Thursday, September 20, 2012

The Spider

The other night was not fit for man or beast, with torrential rains and high winds. And when I got up to open the screen door to our outdoor porch, a beast agreed with this assessment that it was not fit to be outside and rushed into our living room. It was a terrible, fearsome beast – a huge spider. How big was it? Well, not big enough to play in the NFL – no, not quite that big. But it was surely large enough to start at linebacker on a Division II college team! I mean, this thing was scary! It stood there in our living room, snapping its jaws and staring at us with like eight pairs of eyes.

“Kill it!” screamed my wife. “Kill it?” I replied. “With what? An elephant gun?” Meanwhile, the spider snarled with rage, grabbed a lamp with two of its legs, and threw it at my head. It barely missed.

“Just crush it,” cried my fearful spouse. “Crush it? Are you kidding me?” I said. The spider laughed, a deep and terrifying malevolent belly laugh, kind of like Jabba the Hutt when he trapped Luke in that “Star Wars” movie and planned on slowly and painfully ending his days. “Crush me?” it said. “Don’t even think about it.” The spider grabbed a leg of the table I was standing on it in its jaws and snapped it as easily as I would a matchstick.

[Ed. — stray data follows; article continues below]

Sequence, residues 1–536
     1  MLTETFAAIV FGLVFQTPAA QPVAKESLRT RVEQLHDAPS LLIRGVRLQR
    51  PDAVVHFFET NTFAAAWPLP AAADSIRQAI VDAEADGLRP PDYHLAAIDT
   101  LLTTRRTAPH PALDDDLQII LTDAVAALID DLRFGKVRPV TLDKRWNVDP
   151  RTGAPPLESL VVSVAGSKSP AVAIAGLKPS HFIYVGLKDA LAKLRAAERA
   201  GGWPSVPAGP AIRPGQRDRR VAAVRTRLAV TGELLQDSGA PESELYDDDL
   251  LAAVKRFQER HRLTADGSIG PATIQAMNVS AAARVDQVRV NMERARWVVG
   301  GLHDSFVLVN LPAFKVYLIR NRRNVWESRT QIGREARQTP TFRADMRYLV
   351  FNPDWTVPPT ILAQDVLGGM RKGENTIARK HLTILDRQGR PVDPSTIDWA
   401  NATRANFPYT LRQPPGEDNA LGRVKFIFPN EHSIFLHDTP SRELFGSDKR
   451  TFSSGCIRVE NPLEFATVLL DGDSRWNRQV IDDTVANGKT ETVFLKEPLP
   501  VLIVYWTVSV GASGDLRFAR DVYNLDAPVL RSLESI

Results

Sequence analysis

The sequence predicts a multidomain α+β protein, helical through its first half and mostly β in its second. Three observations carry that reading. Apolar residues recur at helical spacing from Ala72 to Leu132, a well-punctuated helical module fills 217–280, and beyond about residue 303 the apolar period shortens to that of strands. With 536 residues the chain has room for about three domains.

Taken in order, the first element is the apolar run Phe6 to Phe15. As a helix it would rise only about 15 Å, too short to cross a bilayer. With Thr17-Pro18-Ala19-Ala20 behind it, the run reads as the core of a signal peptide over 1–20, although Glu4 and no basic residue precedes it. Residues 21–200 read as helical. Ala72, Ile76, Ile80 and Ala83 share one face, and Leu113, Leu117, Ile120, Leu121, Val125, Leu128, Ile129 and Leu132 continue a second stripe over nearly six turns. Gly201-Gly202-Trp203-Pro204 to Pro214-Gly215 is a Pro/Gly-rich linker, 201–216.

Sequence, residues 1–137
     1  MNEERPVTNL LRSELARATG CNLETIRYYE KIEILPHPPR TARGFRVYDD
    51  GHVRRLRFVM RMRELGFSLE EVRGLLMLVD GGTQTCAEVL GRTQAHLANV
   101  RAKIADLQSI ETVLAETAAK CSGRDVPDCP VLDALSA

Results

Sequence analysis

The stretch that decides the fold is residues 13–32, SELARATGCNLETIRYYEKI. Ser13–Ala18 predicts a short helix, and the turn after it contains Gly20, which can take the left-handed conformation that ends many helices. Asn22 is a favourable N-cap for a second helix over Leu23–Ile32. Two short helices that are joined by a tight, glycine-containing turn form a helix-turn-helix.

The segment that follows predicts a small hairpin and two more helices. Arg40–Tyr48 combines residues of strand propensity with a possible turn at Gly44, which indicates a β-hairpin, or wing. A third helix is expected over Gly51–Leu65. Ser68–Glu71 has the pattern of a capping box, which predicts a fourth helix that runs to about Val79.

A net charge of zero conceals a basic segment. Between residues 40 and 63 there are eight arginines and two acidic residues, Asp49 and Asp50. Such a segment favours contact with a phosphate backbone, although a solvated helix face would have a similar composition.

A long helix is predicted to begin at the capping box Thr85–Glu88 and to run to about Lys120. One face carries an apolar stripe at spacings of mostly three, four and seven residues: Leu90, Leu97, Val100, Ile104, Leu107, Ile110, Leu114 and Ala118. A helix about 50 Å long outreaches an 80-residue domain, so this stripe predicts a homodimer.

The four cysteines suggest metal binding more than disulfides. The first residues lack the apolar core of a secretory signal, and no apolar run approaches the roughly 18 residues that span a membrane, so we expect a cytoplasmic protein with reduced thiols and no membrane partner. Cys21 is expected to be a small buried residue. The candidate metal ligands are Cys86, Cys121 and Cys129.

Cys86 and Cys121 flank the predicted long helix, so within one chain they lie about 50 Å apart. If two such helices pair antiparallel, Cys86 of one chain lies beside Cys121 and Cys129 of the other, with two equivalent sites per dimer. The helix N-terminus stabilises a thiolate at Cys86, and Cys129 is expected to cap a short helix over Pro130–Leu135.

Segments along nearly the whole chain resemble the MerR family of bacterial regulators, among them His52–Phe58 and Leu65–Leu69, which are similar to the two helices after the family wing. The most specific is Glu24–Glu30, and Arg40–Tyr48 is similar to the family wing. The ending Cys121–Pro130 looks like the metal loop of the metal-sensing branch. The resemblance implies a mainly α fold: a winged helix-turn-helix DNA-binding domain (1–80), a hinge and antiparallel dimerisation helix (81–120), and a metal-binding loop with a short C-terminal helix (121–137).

I had to do something. A friend of mine once told me that as far as she was concerned, there were only two things that men were good for: crushing bugs and lifting heavy things. I pointed out that at least now and then, we are pretty useful to women for one more thing: taking the lids off tight jars. She scoffed at this. In any event, here I was, on the razor’s edge of abdicating at least 33% and maybe as much as 50% of my manhood.

“Look,” I said to the spider. “Let’s settle this amiably. I am a live and let live kind of guy. If I encounter you outside, I will leave you alone. But you come into my house, I will have to kill you, and neither of us wants that, do we? So why don’t you leave while you still have all eight of your legs and most of your eyes?”

“No way! It’s wet outside. I like it in here. This is my place now. You can leave in the next five seconds and maybe I won’t suck the juices out of your body and toss the dried-out husk under that sofa,” snarled the spider. For emphasis, it flipped over the sofa.

My wife screamed again. “Why is she screaming so loudly?” I wondered. Then I realized that I was the one doing the screaming, not her! “That’s embarrassing,” said the spider. “Do something!” my spouse yelled.

Her call galvanized me to action. In a flash, I climbed down off her shoulders and approached the spider. “Hey, I’m a mammal, not an arachnid,” I thought to myself. “Let’s use my superior mammalian brain to solve this problem.”

“Okay,” I said. “Let’s settle this outside, mano to mano.” I opened the door back up, and motioned. “I’m going to kick your butt,” the spider glowered. “Let’s go.” It scuttled across the floor and out onto the porch, and turned to face me. Using all of my guile and quickness, I slammed the heavy sliding door shut, locking the spider outside. I could hear it howling in rage. It tossed the patio furniture around and tore off some of the siding, but eventually, it gave up and left.

Me? I went out the next day and bought an elephant gun!

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